Northeast Tribal Conference on Child Victimization
May 6 and 7, 2020
Seneca Niagara Casino and Hotel
Niagara Falls, NY
Seneca Nation of Indians
Native American Children’s Alliance
National Center for Missing & Exploited Children/New York Regional Office
Northeast Regional Children’s Advocacy Center
AMBER Alert Training and Technical Assistance Program
New York State Children's Alliance
Native American Community Services of Erie and Niagara Counties
DAY ONE May 6, 2020
8:00-8:30 REGISTRATION and Continental Breakfast
8:30-9:30 Blessing and Opening Ceremony
Seneca Thanksgiving Blessing, Seneca Nation Children’s Group
Seneca Nation Representatives
Summit Organizing Committee
9:00-10:30 KEYNOTE: Historical Trauma in American Indian History: Blanket Activity
Pete Hill, Native American Community Services of Erie and Niagara Counties
10:45-12:00 Workshop: Historical Trauma Blanket Activity Debrief
This session will focus on a facilitated debrief of the historical trauma keynote presentation. Attendees will be given the opportunity to participate in small group discussions on key issues raised and a traditional healing experience.
Pete Hill, Native American Community Services and
12:00-1:15 LUNCH Provided(Networking)
1:15-2:45 Workshop: AMBER Alert in Indian Country Act
This workshop will examine past child abduction, specifically the Ashlynne Mike case, and the challenges facing tribes in protecting children. Review of the Ashlynne Mike AMBER Alert in Indian Country Act of 2018, and the development of strategies for implementing an AMBER Alert plan within tribal communities. The workshop will also identify current resources available through the AMBER Alert Training and Technical Assistance Program.
Tyesha Wood and Janell Rasmussen NCJTC Fox Valley
Project Coordinator for AMBER Alert in Indian Country
3:00-4:30 Joining Together Open Circle Discussion
Panel consisting of tribal law enforcement, peacemaker judges, Children Advocacy Center staff, tribal social services, Clan Mothers. Objective is to address what these traditional decision making bodies do and when they become involved.
Geri Wisner, Native American Children’s Alliance
Conference Planning Committee
5:00-7:30 Cultural Celebration hosted by the Seneca Nation of Indians (ALL are Invited)
Enjoy a unique cultural experience presented by the Seneca Nation of Indians including cultural dance and refreshments.
At the close of the celebration please feel free to enjoy the fun of the casino gaming floor and all that the resort has to offer. Of course, Niagara Falls, one the most amazing “wonders of the world”, is only a few blocks away (and especially beautiful in the evening). Relax and enjoy!!!
DAY TWO May 7, 2020
8:30-10:15 KEYNOTE: Child Maltreatment Law Enforcement Investigations in Indian Country
This presentation will discuss a victim centered approach as the “setting of the stage” for successful family outcomes. A mindful humanistic approach to cases that will challenge officers to see through the eyes of the families and victims we serve and past what you think. We will discuss how we can we begin to build programming that adjusts to the experiences of the people we serve and not the agenda of the agency.
Detective Sergeant Karonienhawi Thomas, St. Regis Mohawk Tribe
10:30-12:00 Workshop: Child Maltreatment Forensic Medical Issues faced by Tribal Nations
This workshop will discuss how primary care is an important gateway to understanding and changing how we think about our people and how our point of view can be a barrier or a catalyst to their wellness and healing. Chief Cook draws a direct correlation between our creation story, the biology of birth and how trauma effects our children now, across their life span and into the future. We’ll share how we integrate ancient ways of knowing into current medical, healing and recovery models.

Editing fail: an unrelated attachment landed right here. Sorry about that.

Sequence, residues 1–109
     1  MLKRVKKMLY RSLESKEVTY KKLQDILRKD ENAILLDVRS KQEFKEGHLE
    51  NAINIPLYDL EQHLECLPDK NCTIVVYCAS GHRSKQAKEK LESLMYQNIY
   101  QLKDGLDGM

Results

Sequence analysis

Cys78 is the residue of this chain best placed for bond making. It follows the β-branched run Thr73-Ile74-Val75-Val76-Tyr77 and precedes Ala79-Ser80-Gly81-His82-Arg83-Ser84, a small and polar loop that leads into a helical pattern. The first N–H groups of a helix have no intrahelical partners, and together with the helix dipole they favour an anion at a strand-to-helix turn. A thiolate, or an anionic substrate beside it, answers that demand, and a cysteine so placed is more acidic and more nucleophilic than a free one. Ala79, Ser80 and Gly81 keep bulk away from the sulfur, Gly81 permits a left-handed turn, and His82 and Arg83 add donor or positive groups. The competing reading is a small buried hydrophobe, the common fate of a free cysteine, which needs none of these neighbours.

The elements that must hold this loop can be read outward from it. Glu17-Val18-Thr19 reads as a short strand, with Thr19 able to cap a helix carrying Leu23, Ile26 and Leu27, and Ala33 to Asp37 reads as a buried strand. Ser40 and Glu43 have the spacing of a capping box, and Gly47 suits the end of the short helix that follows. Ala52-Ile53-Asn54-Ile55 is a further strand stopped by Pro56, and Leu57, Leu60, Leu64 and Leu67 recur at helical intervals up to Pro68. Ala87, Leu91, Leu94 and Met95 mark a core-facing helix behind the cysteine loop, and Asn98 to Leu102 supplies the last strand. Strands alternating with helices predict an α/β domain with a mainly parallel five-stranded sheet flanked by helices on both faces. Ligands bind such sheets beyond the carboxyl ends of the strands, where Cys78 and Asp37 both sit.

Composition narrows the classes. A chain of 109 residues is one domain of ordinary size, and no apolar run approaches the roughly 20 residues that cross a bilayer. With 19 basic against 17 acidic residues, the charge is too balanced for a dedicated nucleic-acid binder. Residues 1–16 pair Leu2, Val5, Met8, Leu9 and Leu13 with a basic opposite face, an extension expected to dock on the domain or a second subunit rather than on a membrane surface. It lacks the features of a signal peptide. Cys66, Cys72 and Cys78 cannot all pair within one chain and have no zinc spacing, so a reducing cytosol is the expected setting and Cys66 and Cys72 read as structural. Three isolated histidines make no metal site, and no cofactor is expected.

Chief Beverly Kiohawiton Cook, St Regis Mohawk Tribe
12:00-1:15 LUNCH (Provided)
1:15-2:45 Workshop: Mental Health treatment and healing in Indian Country
To truly honor victims of crime and violence we must be able to move services and programming towards a holistic model and approach to human experiences. Dr. Peter Ladd will lead a discussion detailing his work in Indian Country assisting programs servicing victims of present and historical traumatic events. His approach is purposefully taking the label so freely given to symptoms and transforming those experiences into resilience and empowerment on behalf of families and their children.
Dr Peter Ladd, St Lawrence University
3:00-4:30 Workshop: Missing and Murdered Indigenous Persons (MMIP) Circle Discussion Moving Forward
National attention is now being given to the alarming rates of missing Indigenous peoples. Families of missing minors, adolescents, adults and elders from Indian Country express their frustration that reports are not given attention and regularly go into “cold” status due to the lack of resources, appropriate response or attention. Further, families are outraged that their murdered loved ones never receive justice due to the lax attitude toward Indigenous people and cases. This presentation will address this national epidemic and review various responses to prepare jurisdictions with foundational knowledge and suggestions to better respond to Missing and Murdered Indigenous Peoples. The closing circle discussion format also brings together the lessons and learning of the two-day conference in a manner that allows for open discussion and encourages each attendee to share information regarding their experience. We encourage each person to share successes and challenges from their own communities, disciplines and entities. What are the potential takeaways that can be incorporated into their own journey of child protection.
4:30 Summit Concludes
Co Sponsored by:
Native American Children's Alliance
National Center for Missing & Exploited Children New York
Northeast Regional Children's Advocacy Center